WTA Insider: If I remember correctly, the New York vibe isn't exactly your speed. What are you going to try to do to fix that this year?
Muguruza: Honestly, I think I'm going to stop trying to fix it. I'm happy to be in New York. It's a very special place. It takes a lot of energy of course, it's noisy, and it's 24/7, but I'm going to stop thinking about that. I'm just going to go out there and be calm and play as freely as I can. Forget that the last few years it didn't go my way. Maybe this year it is my year. Who knows?

WTA Insider: Is part of enjoying New York learning to just accept that it is what it is and you just have to go with the flow?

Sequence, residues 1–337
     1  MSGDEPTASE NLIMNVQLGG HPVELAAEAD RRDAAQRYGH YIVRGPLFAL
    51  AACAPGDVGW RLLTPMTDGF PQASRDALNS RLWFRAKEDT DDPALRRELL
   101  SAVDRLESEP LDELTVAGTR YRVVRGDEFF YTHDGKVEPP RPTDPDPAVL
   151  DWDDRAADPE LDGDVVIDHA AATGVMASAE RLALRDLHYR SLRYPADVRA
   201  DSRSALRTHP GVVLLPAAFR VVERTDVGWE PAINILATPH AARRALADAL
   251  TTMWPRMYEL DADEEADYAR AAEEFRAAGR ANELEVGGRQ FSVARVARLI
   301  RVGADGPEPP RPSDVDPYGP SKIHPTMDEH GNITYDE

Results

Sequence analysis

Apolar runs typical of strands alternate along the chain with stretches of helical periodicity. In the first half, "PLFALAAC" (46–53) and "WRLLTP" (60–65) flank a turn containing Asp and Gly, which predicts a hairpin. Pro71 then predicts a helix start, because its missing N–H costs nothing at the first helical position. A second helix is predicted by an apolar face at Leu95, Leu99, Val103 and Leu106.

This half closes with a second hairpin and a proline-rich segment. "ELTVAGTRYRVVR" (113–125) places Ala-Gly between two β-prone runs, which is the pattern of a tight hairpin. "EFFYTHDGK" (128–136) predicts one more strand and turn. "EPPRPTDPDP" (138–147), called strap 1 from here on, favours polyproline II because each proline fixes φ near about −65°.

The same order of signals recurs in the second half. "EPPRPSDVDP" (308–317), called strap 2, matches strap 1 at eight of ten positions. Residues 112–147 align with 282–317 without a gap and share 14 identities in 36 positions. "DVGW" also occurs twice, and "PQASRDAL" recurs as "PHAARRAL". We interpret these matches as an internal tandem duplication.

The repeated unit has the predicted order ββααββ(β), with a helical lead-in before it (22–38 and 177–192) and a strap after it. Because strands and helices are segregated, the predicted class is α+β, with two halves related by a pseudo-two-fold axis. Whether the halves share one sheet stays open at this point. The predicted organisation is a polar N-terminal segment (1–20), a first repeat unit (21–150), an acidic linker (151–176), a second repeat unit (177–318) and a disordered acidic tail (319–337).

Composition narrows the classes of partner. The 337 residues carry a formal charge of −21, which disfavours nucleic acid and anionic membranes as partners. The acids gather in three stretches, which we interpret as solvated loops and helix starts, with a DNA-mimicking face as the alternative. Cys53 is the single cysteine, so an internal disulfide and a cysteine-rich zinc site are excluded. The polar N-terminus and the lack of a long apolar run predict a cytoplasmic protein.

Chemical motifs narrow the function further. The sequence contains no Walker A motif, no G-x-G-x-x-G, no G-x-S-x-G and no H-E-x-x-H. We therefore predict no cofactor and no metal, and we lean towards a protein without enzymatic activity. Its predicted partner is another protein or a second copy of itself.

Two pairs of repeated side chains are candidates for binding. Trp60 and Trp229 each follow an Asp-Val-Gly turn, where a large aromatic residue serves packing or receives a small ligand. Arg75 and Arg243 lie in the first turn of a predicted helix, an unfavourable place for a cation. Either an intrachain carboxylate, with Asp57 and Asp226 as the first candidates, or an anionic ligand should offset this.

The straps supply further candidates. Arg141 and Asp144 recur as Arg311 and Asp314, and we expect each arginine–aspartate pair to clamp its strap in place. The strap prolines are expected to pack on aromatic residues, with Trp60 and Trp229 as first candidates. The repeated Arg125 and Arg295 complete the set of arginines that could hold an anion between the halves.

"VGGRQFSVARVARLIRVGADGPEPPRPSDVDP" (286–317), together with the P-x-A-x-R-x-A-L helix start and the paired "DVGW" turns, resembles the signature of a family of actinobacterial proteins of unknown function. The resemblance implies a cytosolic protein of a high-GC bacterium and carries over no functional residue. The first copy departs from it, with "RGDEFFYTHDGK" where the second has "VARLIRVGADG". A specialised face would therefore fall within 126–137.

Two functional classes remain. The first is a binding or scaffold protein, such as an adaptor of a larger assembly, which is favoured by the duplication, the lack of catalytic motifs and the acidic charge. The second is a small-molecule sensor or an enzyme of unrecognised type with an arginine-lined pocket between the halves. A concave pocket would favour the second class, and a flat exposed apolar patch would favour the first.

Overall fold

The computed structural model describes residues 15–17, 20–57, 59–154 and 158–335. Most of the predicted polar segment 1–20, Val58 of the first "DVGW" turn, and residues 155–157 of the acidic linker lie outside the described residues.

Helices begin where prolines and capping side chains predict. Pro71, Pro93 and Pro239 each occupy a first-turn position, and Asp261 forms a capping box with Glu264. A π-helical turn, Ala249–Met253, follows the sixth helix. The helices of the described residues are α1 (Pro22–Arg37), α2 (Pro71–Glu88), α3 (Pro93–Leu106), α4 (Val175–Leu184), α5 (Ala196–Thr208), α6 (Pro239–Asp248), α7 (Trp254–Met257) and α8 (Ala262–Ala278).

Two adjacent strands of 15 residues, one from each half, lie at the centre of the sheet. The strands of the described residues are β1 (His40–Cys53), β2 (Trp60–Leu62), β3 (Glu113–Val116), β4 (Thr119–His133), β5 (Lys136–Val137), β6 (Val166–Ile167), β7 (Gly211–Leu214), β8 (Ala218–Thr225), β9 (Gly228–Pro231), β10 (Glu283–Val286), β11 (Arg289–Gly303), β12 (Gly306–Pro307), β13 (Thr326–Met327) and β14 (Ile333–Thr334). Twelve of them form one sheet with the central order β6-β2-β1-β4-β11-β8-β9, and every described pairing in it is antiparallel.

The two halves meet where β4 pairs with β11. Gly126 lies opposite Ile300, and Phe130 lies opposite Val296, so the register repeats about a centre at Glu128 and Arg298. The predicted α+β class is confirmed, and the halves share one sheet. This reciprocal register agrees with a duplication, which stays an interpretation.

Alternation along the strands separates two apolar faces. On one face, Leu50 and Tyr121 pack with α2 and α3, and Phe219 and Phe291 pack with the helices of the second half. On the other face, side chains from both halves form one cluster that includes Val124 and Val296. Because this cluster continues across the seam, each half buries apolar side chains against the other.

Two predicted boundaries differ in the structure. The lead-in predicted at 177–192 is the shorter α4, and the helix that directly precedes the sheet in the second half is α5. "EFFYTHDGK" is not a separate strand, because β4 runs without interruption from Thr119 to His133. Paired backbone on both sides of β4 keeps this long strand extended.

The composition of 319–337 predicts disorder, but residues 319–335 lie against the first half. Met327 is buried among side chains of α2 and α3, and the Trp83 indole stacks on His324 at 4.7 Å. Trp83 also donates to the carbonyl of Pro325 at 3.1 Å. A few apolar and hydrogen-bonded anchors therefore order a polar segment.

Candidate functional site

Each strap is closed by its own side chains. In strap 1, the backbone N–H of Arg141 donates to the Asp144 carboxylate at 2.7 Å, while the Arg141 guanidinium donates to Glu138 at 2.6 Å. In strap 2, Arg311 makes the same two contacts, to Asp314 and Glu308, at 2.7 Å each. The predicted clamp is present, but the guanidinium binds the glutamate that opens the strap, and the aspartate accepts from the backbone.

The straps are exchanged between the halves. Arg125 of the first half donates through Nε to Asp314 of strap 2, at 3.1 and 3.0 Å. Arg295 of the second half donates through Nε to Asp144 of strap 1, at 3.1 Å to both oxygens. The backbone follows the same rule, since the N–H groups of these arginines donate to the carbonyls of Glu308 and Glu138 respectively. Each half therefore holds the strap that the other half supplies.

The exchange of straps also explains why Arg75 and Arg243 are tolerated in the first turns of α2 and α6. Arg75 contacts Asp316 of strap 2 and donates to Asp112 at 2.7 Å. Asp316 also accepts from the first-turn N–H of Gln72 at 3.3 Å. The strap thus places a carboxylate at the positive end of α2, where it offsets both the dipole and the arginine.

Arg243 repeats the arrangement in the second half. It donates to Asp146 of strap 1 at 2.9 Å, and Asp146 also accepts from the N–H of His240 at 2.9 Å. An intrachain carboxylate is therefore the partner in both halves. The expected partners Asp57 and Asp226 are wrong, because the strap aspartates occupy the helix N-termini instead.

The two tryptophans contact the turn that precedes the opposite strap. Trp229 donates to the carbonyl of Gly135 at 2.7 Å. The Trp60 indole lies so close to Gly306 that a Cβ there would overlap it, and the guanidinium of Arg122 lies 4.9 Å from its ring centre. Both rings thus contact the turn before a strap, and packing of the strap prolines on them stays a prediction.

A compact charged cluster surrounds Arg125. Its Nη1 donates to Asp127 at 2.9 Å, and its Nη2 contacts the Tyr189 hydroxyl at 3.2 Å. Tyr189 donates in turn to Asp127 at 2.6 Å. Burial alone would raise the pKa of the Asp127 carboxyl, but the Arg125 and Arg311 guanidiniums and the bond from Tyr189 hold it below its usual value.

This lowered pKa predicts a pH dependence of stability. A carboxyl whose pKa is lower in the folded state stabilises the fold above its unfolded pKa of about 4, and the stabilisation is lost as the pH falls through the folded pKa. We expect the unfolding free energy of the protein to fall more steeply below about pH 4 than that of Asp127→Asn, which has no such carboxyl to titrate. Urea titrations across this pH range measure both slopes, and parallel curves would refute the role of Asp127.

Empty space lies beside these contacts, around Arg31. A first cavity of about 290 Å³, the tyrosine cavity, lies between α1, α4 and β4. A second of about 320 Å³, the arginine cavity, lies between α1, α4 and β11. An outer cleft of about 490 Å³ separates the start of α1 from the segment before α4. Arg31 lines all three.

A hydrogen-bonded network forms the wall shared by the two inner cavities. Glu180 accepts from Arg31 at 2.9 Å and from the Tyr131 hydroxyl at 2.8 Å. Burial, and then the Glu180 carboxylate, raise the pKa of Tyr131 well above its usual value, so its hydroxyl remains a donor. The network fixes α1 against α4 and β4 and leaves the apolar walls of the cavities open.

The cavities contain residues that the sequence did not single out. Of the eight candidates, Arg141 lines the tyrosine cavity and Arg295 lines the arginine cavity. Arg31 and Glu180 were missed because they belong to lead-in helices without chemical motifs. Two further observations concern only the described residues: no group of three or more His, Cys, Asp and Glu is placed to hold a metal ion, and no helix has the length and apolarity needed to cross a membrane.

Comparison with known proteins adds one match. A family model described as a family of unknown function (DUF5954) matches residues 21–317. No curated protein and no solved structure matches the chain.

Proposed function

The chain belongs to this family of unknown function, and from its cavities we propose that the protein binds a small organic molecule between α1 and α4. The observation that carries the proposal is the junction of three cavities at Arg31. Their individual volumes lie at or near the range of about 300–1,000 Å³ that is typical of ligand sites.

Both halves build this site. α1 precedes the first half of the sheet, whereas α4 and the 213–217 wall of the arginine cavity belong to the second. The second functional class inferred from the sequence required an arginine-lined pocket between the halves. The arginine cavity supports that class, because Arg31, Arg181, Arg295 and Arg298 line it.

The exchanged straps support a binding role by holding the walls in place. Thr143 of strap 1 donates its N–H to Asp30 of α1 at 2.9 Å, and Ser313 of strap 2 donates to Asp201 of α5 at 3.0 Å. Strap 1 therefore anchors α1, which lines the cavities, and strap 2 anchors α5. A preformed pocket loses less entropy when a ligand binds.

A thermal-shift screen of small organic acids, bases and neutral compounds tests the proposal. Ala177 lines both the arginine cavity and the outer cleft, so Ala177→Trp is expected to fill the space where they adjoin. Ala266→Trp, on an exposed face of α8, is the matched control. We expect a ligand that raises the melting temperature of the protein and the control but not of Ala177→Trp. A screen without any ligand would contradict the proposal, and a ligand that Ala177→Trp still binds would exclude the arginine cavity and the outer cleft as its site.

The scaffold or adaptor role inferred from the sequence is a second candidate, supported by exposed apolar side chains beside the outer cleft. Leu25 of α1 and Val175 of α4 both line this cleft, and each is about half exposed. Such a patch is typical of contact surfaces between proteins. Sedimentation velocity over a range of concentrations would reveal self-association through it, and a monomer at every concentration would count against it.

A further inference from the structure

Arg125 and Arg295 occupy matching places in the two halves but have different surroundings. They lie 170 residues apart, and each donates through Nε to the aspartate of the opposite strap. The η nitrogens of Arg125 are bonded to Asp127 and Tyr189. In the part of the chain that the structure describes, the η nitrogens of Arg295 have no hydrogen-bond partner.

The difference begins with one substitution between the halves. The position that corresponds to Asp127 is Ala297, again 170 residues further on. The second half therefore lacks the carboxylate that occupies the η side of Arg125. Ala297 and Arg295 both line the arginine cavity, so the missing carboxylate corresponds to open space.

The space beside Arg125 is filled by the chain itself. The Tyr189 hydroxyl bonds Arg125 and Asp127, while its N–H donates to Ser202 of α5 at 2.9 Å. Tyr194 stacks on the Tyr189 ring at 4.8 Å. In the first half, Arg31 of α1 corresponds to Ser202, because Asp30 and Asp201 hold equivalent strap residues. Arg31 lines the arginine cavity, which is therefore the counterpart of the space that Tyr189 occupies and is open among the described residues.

Muguruza: Yeah, for sure. I'm going to stop trying to think about it. I feel like I'm going to try and not have a lot of expectations with New York. Every time I have a little bit, it holds me a little bit back. I'm just going to go out there from zero. Forget about what happened previous years. It's a new tournament. I'm just going to see what's going to happen this year and that's all.

WTA Insider: Lastly, obviously the attacks in Barcelona [last] week have been on everyone's mind. You played with a black ribbon on your visor. Do you have a message to send back home?
Muguruza: I just wanted to show that I had them in my mind. There's not a lot of things I can do from here. That's at least something I can do. For me it's terrible because I've been to Las Ramblas so many times and it really shocked me because it's my city. It's just really sad.